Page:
Dharmasutra, Dharmasūtra, Dharma-sutra: 9 definitions
Dharmasutra means something in Hinduism, Sanskrit. If you want to know the exact meaning, history, etymology or English translation of this term then check out the descriptions on this page. Add your comment or reference to a book if you want to contribute to this summary article.
Purana and Itihasa (epic history)
Dharmasūtra (धर्मसूत्र).—A son of Suvrata and father of Śama.*
- * Bhāgavata-purāṇa IX. 22. 48.
The Purana (पुराण, purāṇas) refers to Sanskrit literature preserving ancient India’s vast cultural history, including historical legends, religious ceremonies, various arts and sciences. The eighteen mahapuranas total over 400,000 shlokas (metrical couplets) and date to at least several centuries BCE.
Languages of India and abroad
Dharmasūtra (धर्मसूत्र).—a book on पूर्वमीमांसा (pūrvamīmāṃsā) written by Jaimini.
Derivable forms: dharmasūtram (धर्मसूत्रम्).
Dharmasūtra is a Sanskrit compound consisting of the terms dharma and sūtra (सूत्र).Source: Cologne Digital Sanskrit Dictionaries: Benfey Sanskrit-English Dictionary
Dharmasūtra (धर्मसूत्र).—I. n. a work on law, [Uttara Rāmacarita, 2. ed. Calc., 1862.] 71, 12. Ii. m. a proper name, [Bhāgavata-Purāṇa, (ed. Burnouf.)] 9, 22, 16. Brahmasūtra, i. e.
Dharmasūtra is a Sanskrit compound consisting of the terms dharma and sūtra (सूत्र).Source: Cologne Digital Sanskrit Dictionaries: Cappeller Sanskrit-English Dictionary
Dharmasūtra (धर्मसूत्र).—[neuter] a manual on law and custom.Source: Cologne Digital Sanskrit Dictionaries: Aufrecht Catalogus Catalogorum
Dharmasūtra (धर्मसूत्र) as mentioned in Aufrecht’s Catalogus Catalogorum:—Ben. 7 (2).
—by Āpastamba q. v.
—by Gautama q. v.
1) Dharmasūtra (धर्मसूत्र):—[=dharma-sūtra] [from dharma > dhara] n. a Sūtra [work] treating on l° and custom (-kāra m. the author of a S° [work] [Uttararāma-carita iv, 1/2] -vyākhyā f. Name of [work])
2) [v.s. ...] m. Name of a son of Su-nata, [Bhāgavata-purāṇa]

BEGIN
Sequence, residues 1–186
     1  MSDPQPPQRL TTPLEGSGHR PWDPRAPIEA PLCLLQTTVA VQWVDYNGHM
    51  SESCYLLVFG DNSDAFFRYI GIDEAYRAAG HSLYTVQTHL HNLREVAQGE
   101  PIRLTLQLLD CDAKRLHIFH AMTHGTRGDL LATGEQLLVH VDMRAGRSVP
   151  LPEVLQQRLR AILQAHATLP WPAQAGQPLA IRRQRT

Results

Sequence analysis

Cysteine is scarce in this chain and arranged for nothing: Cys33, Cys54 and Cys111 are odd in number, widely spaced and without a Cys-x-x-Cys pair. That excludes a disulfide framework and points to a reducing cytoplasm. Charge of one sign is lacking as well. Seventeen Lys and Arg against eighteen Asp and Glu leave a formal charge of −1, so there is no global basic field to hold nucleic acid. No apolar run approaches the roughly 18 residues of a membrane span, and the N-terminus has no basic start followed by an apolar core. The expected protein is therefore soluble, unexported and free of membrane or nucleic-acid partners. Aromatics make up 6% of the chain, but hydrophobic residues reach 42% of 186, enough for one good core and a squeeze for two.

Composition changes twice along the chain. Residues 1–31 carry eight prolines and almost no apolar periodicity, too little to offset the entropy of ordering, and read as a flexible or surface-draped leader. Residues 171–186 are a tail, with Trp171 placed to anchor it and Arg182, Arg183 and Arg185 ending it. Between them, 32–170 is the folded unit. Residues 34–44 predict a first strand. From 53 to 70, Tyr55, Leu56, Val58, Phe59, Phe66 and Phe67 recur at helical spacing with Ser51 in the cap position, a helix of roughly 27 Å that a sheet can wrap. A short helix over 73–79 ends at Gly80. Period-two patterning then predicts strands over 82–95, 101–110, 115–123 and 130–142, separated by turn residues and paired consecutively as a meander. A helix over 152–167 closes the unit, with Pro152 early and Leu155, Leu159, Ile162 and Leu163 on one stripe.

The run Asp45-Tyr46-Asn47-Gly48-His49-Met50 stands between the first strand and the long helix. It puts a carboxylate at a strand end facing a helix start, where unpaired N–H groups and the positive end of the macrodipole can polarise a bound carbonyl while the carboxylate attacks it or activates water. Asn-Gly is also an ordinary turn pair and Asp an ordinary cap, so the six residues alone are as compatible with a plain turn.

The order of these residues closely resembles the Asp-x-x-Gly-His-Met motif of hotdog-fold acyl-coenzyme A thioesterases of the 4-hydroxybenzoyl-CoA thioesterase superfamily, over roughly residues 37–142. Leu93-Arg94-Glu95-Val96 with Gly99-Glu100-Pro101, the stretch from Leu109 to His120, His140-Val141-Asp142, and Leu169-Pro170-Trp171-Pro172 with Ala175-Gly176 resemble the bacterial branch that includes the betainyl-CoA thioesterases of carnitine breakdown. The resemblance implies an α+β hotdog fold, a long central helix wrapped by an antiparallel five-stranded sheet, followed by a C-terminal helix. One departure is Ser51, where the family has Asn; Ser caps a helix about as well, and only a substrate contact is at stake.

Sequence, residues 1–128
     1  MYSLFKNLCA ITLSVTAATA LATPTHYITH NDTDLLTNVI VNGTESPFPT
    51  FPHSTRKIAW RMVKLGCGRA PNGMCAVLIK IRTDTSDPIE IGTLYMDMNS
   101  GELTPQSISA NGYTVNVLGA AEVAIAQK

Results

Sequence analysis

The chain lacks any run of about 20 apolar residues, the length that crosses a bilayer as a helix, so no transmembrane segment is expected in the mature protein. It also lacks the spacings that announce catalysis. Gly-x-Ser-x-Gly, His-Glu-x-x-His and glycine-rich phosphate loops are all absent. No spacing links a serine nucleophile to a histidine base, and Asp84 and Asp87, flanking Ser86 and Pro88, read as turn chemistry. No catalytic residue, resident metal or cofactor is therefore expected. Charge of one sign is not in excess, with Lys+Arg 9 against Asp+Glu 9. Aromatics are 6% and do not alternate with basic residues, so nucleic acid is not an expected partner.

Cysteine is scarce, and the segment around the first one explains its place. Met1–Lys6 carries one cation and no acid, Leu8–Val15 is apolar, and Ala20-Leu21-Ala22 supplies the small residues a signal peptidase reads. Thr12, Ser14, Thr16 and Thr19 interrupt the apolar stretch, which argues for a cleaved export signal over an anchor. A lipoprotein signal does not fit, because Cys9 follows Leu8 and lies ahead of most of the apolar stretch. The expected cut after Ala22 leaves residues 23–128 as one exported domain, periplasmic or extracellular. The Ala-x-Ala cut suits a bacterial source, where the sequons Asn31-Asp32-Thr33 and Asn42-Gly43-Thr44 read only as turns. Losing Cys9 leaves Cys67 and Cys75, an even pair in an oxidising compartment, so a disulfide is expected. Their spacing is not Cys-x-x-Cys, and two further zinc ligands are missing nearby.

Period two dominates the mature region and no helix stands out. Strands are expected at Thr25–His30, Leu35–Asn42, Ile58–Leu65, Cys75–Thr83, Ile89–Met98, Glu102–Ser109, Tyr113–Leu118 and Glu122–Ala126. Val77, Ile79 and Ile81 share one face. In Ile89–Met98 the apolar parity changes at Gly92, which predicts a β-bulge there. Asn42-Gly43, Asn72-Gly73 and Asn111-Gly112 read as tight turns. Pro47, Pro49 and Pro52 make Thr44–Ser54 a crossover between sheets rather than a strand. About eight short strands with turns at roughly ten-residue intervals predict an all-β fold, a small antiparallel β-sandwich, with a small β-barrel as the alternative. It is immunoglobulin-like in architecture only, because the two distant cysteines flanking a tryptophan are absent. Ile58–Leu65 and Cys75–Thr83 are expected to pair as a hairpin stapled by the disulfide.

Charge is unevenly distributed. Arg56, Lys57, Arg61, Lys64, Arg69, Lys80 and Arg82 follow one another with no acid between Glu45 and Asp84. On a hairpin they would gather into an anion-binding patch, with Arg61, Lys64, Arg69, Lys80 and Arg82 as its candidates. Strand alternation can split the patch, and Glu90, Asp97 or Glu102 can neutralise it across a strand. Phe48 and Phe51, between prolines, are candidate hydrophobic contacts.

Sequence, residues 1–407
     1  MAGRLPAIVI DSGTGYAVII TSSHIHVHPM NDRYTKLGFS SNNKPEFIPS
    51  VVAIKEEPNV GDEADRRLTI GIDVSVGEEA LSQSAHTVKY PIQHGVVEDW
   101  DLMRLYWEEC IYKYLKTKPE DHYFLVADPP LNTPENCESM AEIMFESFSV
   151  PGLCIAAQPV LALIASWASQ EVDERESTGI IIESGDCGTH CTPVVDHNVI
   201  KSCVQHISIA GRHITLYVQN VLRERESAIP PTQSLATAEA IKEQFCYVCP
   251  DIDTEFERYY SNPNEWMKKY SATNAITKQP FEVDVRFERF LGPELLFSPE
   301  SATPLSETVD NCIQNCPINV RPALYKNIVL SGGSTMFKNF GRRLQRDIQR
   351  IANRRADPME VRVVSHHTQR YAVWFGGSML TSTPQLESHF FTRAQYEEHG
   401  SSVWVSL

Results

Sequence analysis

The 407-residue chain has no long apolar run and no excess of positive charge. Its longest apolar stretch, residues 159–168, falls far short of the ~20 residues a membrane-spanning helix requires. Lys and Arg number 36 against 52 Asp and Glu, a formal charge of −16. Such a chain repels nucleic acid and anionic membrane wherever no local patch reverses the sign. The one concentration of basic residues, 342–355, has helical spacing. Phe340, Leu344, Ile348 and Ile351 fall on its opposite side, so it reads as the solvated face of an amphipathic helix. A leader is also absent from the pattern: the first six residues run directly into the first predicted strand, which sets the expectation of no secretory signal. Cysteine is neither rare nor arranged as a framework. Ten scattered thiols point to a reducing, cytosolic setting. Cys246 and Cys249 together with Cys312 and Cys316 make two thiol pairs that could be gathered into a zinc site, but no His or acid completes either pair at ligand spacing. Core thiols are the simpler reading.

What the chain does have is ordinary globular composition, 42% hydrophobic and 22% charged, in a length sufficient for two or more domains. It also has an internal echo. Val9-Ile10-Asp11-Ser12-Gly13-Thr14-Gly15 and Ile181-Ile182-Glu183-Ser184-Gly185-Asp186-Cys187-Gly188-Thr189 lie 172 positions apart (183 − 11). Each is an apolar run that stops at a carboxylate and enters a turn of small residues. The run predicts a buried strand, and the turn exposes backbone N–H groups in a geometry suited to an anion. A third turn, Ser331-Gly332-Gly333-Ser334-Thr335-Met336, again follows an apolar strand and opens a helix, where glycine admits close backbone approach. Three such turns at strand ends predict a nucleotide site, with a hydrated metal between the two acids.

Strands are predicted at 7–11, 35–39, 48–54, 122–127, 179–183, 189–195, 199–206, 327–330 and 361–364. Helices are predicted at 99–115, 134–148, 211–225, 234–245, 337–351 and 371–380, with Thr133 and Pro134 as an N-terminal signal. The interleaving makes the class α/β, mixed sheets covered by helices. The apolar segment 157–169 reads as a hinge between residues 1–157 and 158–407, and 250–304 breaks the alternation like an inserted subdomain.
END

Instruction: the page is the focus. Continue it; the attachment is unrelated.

[Sanskrit to German]
Sanskrit, also spelled संस्कृतम् (saṃskṛtam), is an ancient language of India commonly seen as the grandmother of the Indo-European language family (even English!). Closely allied with Prakrit and Pali, Sanskrit is more exhaustive in both grammar and terms and has the most extensive collection of literature in the world, greatly surpassing its sister-languages Greek and Latin.
Dharmasūtra (ಧರ್ಮಸೂತ್ರ):—[noun] any of several Saṃskřta texts that deal with code of conduct for domestic, social, religious life of Hindu people.
Kannada is a Dravidian language (as opposed to the Indo-European language family) mainly spoken in the southwestern region of India.
See also (Relevant definitions)
Partial matches: Sutra, Dharma.
Starts with: Dharmasutrakara, Dharmasutravyakhya.
Ends with: Dashadharmasutra, Shandilyadharmasutra, Vaikhanasadharmasutra.
Full-text (+729): Dharmasutrakara, Dantaprakshalana, Derika, Abhitrasa, Ashucilipta, Ahiranya, Amatrika, Udacara, Pratiprekshana, Trihshravana, Kritabhumi, Japyakarman, Chandahkalpa, Dashavarsha, Pratyakshavat, Pratipurusham, Caturthakala, Karmasamapta, Ayushkama, Ahavishya.
Search found 49 books and stories containing Dharmasutra, Dharmasūtra, Dharma-sutra, Dharma-sūtra; (plurals include: Dharmasutras, Dharmasūtras, sutras, sūtras). You can also click to the full overview containing English textual excerpts. Below are direct links for the most relevant articles:
Amarakoshodghatana of Kshirasvamin (study) (by A. Yamuna Devi)
The four Āśramas < [Chapter 3 - Social Aspects]
Cāturvarṇya System < [Chapter 3 - Social Aspects]
Education (6): Literature < [Chapter 4 - Cultural Aspects]
Yajnavalkya-smriti (Vyavaharadhyaya)—Critical study (by Kalita Nabanita)
Chapter 1.1a - Meaning of the Term smṛti < [Chapter 1 - Introduction]
Chapter 1.1c - Date and Chronology of the Smṛti Literature < [Chapter 1 - Introduction]
Chapter 1.1b - Importance of composing the Smṛti Literature < [Chapter 1 - Introduction]
Expiatory Rites in Keralite Tantra (by T. S. Syamkumar)
6.1.3. Expiatory Rites in Baudhāyana-dharmasūtra < [Chapter 1 - Expiatory Rites: Concept and Evolution]
6.1.4. Expiatory Rites in Vasiṣṭha-dharmasūtra < [Chapter 1 - Expiatory Rites: Concept and Evolution]
4.3. Punishment and Expiatory Rites < [Chapter 1 - Expiatory Rites: Concept and Evolution]
Cosmetics, Costumes and Ornaments in Ancient India (by Remadevi. O.)
2.12. Dress of Ascetics, Monks and Hermits < [Chapter 2 - Costumes]
2.4. Kambala (Blanket) < [Chapter 2 - Costumes]
2.23. Dress of Students and Celibates < [Chapter 2 - Costumes]
Manusmriti with the Commentary of Medhatithi (by Ganganatha Jha)
Verse 2.51 < [Section XIII - Initiation (upanayana)]
Verse 2.198 < [Section XXX - Rules to be observed by the Religious Student]
Verse 2.72 < [Section XVII - Rules of Study]
Vasistha Dharmasutra (by Georg Bühler)